Short links, deep links—Bitly now has them both.

The URL shortening service just launched a new business called Deep Links from Bitly that aims to make it much easier for users to jump directly into pages inside mobile apps. Deep links make those jumps possible by making links to the stuff inside mobile apps behave more like Web links.

Deep links are becoming increasingly important. As mobile apps become a larger part of our online browsing experience, links that redirect to the front page of an app instead of a specific internal page—say, that article you really wanted to read on Flipboard—are a huge frustration to users.

See also: Don’t Look Now, But Deep Linking Just Got Hot

While the problem is obvious to users, the solution isn’t always obvious to app makers. According to deep-linking technology startup URX, only 28% of top mobile apps support deep linking. What’s more, most services for implementing deep linking—including URX’s own—require developers to adopt a software developer kit (SDK) to incorporate the function into their app.

Bitly, by contrast, has no SDK for deep linking, and doesn’t plan to build one, either. Instead, Bitly believes marketers will be responsible for providing the best possible experience when it comes to deep linking.

“Other places already offer a developer-centric approach,” said Matt Thomson, chief product officer at Bitly. “We’re going for a less technical audience. We’re coming from the marketers’ perspective, to help publishers try deep linking. All they have to do is give us their link locations and we’ll do all the work.”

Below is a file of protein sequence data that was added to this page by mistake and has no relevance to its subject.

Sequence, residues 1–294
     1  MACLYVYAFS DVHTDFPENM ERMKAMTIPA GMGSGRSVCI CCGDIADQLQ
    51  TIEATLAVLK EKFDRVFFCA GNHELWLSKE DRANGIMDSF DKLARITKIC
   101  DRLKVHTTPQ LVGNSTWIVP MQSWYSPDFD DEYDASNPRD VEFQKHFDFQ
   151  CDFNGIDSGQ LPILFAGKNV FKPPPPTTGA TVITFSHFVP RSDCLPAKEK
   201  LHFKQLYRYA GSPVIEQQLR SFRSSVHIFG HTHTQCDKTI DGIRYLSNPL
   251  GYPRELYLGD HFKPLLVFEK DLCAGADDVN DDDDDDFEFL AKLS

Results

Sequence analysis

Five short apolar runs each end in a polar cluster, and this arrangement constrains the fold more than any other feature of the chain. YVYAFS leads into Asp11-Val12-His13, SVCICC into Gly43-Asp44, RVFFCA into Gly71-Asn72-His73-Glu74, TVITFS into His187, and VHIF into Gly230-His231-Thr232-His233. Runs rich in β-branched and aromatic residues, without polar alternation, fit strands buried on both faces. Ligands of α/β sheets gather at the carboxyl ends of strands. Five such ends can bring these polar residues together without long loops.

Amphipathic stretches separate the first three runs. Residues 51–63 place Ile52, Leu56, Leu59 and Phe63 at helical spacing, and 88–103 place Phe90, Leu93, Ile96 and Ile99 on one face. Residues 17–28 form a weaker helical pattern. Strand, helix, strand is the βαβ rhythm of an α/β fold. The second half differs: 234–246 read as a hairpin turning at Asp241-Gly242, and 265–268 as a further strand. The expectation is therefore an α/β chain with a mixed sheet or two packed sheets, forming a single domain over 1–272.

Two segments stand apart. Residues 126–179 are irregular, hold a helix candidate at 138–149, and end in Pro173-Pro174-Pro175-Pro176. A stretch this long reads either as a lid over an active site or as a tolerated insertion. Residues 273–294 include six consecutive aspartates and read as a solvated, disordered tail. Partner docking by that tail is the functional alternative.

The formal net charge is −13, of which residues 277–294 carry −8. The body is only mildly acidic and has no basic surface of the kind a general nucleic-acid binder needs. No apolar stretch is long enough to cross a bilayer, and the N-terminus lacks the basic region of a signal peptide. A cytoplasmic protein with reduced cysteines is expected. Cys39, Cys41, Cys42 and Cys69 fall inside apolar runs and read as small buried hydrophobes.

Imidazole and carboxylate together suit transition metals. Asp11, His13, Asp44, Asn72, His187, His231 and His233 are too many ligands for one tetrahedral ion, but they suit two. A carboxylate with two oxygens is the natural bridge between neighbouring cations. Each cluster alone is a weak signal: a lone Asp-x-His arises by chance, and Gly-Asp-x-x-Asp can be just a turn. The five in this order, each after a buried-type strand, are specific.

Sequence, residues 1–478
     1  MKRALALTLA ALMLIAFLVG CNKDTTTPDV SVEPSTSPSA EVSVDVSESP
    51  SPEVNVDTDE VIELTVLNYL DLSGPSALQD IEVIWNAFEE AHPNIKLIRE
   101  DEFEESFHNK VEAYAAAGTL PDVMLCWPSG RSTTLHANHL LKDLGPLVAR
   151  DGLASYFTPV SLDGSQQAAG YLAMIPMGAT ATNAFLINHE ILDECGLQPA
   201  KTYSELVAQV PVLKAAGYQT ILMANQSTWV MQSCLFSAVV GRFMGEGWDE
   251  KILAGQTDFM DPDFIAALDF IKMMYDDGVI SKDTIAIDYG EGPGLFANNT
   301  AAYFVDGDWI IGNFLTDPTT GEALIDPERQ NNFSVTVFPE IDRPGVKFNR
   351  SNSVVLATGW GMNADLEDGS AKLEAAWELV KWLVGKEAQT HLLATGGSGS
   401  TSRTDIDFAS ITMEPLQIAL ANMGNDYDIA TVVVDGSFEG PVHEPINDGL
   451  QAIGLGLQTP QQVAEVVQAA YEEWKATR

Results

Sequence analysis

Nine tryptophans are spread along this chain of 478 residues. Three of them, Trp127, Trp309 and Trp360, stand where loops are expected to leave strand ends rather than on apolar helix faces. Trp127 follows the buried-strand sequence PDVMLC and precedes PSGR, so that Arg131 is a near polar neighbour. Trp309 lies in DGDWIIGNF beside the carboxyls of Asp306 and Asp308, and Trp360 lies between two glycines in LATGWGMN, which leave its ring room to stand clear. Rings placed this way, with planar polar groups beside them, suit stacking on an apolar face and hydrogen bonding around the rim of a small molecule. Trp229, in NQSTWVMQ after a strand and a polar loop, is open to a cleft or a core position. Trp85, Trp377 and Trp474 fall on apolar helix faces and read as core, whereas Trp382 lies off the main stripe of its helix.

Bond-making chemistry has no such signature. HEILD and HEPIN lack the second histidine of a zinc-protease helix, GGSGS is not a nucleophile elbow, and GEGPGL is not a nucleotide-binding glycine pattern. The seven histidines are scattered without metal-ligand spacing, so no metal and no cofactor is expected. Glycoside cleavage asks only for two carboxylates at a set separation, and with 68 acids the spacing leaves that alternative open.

Deep Linking For Dummies

Even as they increasingly expect deep linking capabilities, most average users have probably never heard the phrase “deep linking.” They already have a word for it—linking. The fact that mobile links require additional functionality to work like the Web links users are already used to isn’t a user problem, it’s a developer one.

For this reason, Bitly’s goal is to simplify deep linking as much as possible. Instead of requiring the publisher to integrate a redirecting and device detection system, Bitly will do it for them.

“Bitly links already receive six billion clicks a month on mobile devices,” Thomson said. “We’re just making it so those links enable deep linking as well.”

Since Bitly is providing an additional service, that means customers will have to come up with additional money to take advantage of Deep Links from Bitly. Some higher paying customers will be grandfathered in, but for most it will serve as an add-on.

“I think everyone still has the problem of explaining what deep links are,” Thomson said. “A lot of companies don’t have a strategy yet. I think we could be major player in explaining the benefit of deep linking because we deal with marketers.”

Photo by Toni Lozano